On the heels of my blog essay on simplifying our lives, it came to me that I might expound on the use of the term “emotional attachment”. I thought I’d write about this because I know from personal experience that it’s sometimes difficult to rid ourselves of extraneous and unneeded belongings. As humans, we have a distinct propensity to become attached or connected to our possessions longer than we need them. For some, certain objects can be a definition of who we are or who we may want to be. For a child, this is very obvious. They might have an attachment to a toy or other possession, most likely a pacifier, stuffed animal or blanket. And, that’s fine ‘cause they’re children. But, I’ve known folks who have kept similar items well into adulthood, (a 2010 survey by the hotel chain Travelodge of 6,000 British adults concluded that 1 in 3 brought and slept with a stuffed animal). Now, I know everything we read on the internet is true (sarcasm), but that figure astounded me. How many of you folks still have stuffed animals on your bed right now as you’re reading this, or maybe even in your car? (Big smile here!). I’m certainly not saying this is wrong, but it may point to other things in our lives that need to be jettisoned.
I’ll use some personal examples as you may be able to relate to experiences in your own lives. The pick-up truck I’ve owned since 2006, (with 108,000 miles on it) recently died. I use the term “died” here as when a motor blows, the life of a vehicle is, in essence over. I wasn’t going to put a new motor in a vehicle with a transmission that had that many miles on it, so I sold it to the owner of the repair shop where it sat. The day I went to clean it out and sign over the title was a little emotional for both me and my wife. This was a vehicle in which we spent many, many hours (even, days) and which took us to many wonderful places. Randi didn’t even want to go into the lot where the truck was parked and to be honest, neither did I. As I was cleaning it out, a flood of memories came back to me (see my essay on Road Trips) and I actually got a little choked up. Here was an object made of metal, steel, rubber and other inorganic materials and I felt as if I was selling my first born child. I gathered my stuff and bolted away from there as quickly as I could, not once looking back at the truck that gave me such great pleasure. I felt as if it was calling after me…”Hey!!, Yo!!, where ya’ going, why are you leaving me here?” Even as I write this, I can still feel a bit of emotion.
I also recently threw away a backpack I’d owned since 1982. You may be shaking your head, not only at the fact that I’d owned it that long, but that I actually remember the year in which I bought it. This backpack had been all over the world with me and “we” had great adventures together. I think I kept the Duct Tape Company afloat just by owning this thing. As I stood at my front door and watched the trash men throw the plastic bag containing the torn and tattered backpack into the back of their truck, I felt as if a part of my life went with it.
For you it may be a vehicle, a backpack or something else. It could be an old TV, a piece of clothing or even a house. I remember sitting at settlement when I purchased my first home and the elderly woman I bought it from was sobbing as she signed the papers. She explained that this house was where she and her husband lived their entire lives, worked and raised a family, retired and where he eventually passed away. Her whole life was tied to that house…and, I understood. She was grieving a loss. The physical bonds we have with the things we cherish can be sentimental, emotional or they can even be financial. But, I believe it’s the sentimental part that holds the most power over us. When we touch, caress or even look at an object we own, it can bring back very pleasant memories, (and, it can also elicit unpleasant ones too). We feel “connected” in some way, there is a definite nostalgia involved and we can re-live those times in our lives when and where we felt the most pleasure, joy or sense of peace.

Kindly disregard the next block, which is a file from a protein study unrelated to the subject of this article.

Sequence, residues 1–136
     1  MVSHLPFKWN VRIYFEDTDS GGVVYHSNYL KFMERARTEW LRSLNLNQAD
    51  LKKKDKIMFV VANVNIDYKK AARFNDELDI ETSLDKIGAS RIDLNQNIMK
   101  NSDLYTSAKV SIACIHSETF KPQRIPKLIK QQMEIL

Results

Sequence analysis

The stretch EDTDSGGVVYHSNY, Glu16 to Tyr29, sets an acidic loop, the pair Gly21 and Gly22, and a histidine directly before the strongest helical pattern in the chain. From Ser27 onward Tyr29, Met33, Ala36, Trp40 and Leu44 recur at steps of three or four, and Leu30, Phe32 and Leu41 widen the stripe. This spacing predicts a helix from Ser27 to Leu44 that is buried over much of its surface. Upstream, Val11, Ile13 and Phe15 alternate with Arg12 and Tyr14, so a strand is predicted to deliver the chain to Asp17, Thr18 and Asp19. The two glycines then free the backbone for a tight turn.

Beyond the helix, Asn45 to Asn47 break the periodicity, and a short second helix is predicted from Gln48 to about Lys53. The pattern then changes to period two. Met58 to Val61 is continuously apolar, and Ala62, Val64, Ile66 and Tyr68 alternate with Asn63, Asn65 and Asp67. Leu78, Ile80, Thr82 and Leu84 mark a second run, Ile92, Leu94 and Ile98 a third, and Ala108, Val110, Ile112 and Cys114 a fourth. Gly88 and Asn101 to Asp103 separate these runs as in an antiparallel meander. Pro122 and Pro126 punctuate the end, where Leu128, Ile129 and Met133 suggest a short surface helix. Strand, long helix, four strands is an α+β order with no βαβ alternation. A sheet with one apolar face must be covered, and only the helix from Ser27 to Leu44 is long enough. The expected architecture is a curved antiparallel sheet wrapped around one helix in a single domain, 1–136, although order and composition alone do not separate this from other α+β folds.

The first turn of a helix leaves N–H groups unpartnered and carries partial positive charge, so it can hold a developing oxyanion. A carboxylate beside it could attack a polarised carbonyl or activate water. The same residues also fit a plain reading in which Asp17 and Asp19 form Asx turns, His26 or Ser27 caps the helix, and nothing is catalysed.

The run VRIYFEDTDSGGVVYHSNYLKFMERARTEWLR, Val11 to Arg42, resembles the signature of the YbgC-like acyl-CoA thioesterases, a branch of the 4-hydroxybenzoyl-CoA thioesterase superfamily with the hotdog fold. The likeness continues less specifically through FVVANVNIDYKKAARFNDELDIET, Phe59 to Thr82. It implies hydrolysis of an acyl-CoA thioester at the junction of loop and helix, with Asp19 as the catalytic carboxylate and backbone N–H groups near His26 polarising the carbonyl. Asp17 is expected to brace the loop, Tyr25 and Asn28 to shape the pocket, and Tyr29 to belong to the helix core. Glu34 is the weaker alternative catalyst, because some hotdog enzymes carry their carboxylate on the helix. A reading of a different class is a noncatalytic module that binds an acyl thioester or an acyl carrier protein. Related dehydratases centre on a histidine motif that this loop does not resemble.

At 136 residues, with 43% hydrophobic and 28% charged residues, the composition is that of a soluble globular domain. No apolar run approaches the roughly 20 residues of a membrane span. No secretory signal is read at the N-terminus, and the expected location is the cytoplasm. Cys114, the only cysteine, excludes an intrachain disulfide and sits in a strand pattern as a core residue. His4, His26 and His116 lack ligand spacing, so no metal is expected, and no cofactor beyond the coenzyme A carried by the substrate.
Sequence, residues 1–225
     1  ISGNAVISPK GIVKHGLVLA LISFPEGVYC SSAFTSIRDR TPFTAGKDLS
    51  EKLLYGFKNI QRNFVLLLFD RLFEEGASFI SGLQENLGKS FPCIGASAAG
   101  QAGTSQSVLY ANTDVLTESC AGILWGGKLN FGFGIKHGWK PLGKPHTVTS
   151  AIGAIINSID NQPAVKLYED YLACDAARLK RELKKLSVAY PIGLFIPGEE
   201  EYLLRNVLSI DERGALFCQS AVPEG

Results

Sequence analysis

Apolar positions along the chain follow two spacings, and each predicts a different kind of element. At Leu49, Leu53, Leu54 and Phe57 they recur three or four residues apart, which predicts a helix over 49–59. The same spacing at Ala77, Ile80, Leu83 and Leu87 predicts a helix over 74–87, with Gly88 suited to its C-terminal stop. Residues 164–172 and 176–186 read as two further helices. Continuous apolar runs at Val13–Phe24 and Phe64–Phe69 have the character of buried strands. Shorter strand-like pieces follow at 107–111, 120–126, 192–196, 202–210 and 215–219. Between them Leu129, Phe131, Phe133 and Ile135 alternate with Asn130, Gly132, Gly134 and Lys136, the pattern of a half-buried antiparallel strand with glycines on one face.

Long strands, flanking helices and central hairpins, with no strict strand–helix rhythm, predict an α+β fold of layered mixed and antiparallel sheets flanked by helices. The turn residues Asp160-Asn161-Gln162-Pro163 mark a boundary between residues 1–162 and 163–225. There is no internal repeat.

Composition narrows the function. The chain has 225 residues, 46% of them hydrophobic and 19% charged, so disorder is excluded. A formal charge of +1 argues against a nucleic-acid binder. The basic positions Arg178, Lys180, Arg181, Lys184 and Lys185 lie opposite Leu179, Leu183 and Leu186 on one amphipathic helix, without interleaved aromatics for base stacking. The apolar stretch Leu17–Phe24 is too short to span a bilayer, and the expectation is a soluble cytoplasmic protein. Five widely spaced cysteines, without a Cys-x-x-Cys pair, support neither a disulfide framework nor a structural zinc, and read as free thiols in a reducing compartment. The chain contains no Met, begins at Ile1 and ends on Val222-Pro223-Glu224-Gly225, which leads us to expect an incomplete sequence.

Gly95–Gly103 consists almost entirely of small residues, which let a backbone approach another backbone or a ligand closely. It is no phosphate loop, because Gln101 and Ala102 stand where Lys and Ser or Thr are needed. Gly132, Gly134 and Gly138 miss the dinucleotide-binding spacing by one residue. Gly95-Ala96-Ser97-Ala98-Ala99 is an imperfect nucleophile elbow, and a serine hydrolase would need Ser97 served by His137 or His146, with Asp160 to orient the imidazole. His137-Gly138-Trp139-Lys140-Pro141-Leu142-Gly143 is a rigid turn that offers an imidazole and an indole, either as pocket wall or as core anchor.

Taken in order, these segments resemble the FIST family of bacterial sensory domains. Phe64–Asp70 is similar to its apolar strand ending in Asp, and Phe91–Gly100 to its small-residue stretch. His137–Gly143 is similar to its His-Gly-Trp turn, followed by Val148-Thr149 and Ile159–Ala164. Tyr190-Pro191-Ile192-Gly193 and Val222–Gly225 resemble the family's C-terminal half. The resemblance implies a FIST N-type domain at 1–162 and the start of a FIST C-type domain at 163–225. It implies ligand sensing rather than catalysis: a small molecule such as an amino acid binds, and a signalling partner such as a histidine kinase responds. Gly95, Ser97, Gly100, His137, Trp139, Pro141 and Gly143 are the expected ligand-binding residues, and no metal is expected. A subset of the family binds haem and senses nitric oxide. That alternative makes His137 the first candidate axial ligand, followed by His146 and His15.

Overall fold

So, why is this? Why is it that certain inanimate objects can mean so much to us and why do they very often have such palpable control over us? There are explanations for this phenomenon all over the internet and I’ll leave that for you to peruse at your leisure. The point I’m trying to make is when these things control us to the place where “we” lose control, then it can become a issue. Have you seen the show American Pickers? The stuff these guys buy from folks all over the country are often stored in rows and rows of out buildings and barns, sometimes taking up acres of ground. Every time I see the show, I think to myself “why in the world do they keep this stuff, they certainly can’t take it with them”. In my recent blog about simplifying our lives, I talked about the freedom we can feel when we rid ourselves of objects and belongings once they’ve outgrown their usefulness. Once we’ve removed these things from our lives, we no longer have to maintain a place for them. But, when we hold on, it forces us to watch over them, ensuring that their feigned importance is preserved. That alone is work in and of itself and it can be stifling. While ridding my life from my own stuff, I’ve come across things I’d held on to that I didn’t even know I still had…sound familiar?
Folks, everything has a shelf life. Some things last longer than others, but for purposes of our attachments to them, we must realize that the usefulness and longevity of our stuff is for the most part, going to be temporary. Unless a possession has a specific purpose for daily living, it just doesn’t matter.
Look around. See what doesn’t matter in your life, then let it go. Each thing you let go is one less link in the chain that binds you to them.
Once the chains are gone, so is your tether to the unimportant…and in that, there is freedom.